Children’s Book by Indigenous Singers Celebrates ‘Gems’ of Arctic Music

A new children’s book by a famous Indigenous musical duo shines a light on Arctic music.

Maakusie loves music is a brilliantly illustrated book by couple Chelsey June and Jaaji, otherwise known as the acclaimed folk-rock band Twin Flames.

This is a first foray into children’s literature for the duo, who wanted to introduce young readers to the world of traditional and modern Inuit music.

The story follows Maakusie, a young Inuit boy, as he practices throat singing, or katajjaniq in Inuktitut, sings ajaajaa songs, and learns to drum and learn about Inuit musical traditions from his grandmother.

The story showcases Inuit musical traditions from across the North, even extending as far as Greenland.

“Growing up in the North, the folk scene was very prevalent in my youth, and then all of a sudden the music grew from there,” Jaaji said.

The members of Twin Flames sing in a mix of English, French and Inuktitut and come from mixed Indigenous backgrounds – June is Métis (Algonquin-Cree heritage) from Ottawa, and Jaaji is Inuk and Mohawk from Nunavik and Kahnawake.

“Even though I’m far from the North now, I still have my ears glued to the ground and I see a lot of things happening [in music]“, said Jaaji.

“That’s kind of what we wanted to capture in this book,” June added.

“There’s so much talent, there’s so much love, there’s so much community and it shows the outside world what kind of gems exist up there in the Arctic.”

Maakusie’s grandmother also figures prominently in the story, just as elders play a vital role in indigenous cultures.

“Oral traditions are something that have been passed down from generation to generation,” Jaaji said.

The couple knew they wanted certain clothing and hairstyles to be represented in both modern and traditional Inuit culture. These images are brought to life through Tamara Campeau’s vibrant digital illustrations.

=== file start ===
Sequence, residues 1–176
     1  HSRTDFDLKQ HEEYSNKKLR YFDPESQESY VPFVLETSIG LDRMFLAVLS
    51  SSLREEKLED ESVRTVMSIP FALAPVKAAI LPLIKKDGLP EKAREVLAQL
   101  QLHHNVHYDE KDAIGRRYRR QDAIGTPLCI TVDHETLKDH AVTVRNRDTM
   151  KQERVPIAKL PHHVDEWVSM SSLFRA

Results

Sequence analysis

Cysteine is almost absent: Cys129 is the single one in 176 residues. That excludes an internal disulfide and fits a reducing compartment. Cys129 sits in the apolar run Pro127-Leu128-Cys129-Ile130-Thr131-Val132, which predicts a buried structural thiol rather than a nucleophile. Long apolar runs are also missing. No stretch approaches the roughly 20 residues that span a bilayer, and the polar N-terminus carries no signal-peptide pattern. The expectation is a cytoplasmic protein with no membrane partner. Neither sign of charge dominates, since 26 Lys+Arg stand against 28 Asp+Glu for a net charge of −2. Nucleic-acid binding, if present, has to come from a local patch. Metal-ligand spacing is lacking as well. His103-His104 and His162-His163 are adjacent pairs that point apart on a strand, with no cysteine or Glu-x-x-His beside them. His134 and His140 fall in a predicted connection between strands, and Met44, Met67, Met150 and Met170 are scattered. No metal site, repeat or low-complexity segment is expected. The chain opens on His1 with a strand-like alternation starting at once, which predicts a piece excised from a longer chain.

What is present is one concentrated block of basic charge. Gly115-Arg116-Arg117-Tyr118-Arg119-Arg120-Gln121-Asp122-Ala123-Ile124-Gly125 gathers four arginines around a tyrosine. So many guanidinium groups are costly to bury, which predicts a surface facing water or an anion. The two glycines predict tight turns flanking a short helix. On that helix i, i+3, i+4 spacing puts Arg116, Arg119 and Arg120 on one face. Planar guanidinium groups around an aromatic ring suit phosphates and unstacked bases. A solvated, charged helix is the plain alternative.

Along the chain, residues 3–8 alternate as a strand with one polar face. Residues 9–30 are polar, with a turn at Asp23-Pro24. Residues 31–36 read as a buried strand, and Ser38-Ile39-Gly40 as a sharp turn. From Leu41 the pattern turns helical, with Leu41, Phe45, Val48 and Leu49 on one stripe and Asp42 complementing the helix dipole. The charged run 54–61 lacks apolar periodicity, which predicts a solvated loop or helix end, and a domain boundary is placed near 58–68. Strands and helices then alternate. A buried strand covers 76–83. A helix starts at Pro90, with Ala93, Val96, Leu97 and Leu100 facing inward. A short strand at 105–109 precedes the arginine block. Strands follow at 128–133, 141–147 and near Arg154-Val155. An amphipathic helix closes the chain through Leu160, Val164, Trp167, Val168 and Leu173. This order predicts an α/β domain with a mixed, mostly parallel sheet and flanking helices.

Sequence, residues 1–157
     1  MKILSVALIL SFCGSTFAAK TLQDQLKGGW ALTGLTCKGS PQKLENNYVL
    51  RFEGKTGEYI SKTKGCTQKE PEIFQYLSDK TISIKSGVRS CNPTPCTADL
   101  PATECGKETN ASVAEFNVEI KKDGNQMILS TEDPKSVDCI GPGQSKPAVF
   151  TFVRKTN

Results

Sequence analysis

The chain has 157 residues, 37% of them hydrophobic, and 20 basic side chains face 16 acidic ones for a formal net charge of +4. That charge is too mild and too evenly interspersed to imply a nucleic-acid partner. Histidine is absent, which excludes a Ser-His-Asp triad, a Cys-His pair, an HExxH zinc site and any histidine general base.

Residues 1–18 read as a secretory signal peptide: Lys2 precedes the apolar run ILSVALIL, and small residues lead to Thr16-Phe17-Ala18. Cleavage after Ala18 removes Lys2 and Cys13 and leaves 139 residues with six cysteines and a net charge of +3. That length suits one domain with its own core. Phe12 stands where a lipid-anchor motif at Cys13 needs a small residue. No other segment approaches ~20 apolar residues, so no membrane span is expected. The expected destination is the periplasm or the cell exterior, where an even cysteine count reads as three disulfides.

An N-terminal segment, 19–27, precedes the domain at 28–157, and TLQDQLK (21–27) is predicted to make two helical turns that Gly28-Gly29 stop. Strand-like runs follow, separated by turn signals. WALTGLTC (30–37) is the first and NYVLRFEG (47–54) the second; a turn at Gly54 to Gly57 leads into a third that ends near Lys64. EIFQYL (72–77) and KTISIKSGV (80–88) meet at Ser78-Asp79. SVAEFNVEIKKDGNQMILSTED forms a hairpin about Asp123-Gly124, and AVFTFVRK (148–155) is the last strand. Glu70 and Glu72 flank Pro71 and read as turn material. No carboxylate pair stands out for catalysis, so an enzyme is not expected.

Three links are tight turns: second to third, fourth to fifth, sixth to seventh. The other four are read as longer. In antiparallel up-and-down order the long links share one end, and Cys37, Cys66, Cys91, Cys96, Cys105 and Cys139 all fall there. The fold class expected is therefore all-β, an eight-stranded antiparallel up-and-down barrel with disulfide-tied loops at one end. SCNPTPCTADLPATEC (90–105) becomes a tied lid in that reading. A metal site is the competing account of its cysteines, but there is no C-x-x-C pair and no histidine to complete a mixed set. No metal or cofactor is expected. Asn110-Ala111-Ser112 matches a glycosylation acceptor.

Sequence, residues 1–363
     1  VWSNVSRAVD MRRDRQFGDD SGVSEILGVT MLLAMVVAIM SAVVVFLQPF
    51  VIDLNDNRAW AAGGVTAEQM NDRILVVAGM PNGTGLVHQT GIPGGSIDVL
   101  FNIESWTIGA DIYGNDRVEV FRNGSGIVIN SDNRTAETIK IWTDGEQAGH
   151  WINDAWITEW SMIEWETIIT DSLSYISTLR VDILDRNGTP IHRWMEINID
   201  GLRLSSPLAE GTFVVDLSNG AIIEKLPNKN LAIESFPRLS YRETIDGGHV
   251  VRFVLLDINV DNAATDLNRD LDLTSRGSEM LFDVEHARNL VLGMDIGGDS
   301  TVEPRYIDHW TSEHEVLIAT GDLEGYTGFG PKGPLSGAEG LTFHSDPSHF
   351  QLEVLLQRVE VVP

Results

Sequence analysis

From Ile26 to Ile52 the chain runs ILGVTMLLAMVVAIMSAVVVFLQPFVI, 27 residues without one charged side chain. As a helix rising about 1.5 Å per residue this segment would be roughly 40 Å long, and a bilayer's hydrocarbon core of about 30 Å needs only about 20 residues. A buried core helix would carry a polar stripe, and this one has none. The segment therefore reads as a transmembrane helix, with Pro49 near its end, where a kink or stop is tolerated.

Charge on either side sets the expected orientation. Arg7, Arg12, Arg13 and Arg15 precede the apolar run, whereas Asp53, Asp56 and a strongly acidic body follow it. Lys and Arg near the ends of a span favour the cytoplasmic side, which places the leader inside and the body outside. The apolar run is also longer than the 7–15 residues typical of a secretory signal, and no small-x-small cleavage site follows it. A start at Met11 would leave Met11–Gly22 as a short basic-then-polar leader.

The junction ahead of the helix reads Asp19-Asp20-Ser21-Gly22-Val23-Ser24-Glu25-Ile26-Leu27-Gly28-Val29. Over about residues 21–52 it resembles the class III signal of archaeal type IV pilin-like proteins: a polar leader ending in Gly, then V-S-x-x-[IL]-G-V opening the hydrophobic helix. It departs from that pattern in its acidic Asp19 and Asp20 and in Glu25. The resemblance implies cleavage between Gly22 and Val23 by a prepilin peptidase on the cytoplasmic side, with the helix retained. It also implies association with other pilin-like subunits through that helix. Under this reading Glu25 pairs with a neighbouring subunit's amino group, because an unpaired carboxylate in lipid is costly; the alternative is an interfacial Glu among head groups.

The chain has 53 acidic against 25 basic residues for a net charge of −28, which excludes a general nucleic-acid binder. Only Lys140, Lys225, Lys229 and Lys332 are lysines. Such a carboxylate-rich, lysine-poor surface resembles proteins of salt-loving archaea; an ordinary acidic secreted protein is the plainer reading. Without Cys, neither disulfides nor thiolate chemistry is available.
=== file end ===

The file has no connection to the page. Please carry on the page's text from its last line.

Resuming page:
They also wanted to highlight interesting developments in musical styles, such as the popularity of marching bands in the Arctic.

“I think a big part of this project is what we could bring into a school or into a home, because every time we do presentations the kids are just fascinated by where Jaaji is from, by the Arctic and through music,” June said.

Music is not only an important creative outlet for people, it is also an educational tool for children.

“I wish there were more when I was growing up in schools,” June said.

“Some kids learn differently, and I was definitely one of those kids.”

The duo hope the book will expose more young people to Arctic music and inspire them to learn more.

They also hope Maakusie can take readers on more adventures in the future.

“I think he has a lot he can share through character. We hope we can expand this series a bit,” June said.

“We have seen with our own eyes how music can help save lives. It literally saved my life time and time again.

Maakusie loves music will be available starting Thursday online and through Iqaluit publisher Inhabit Media.

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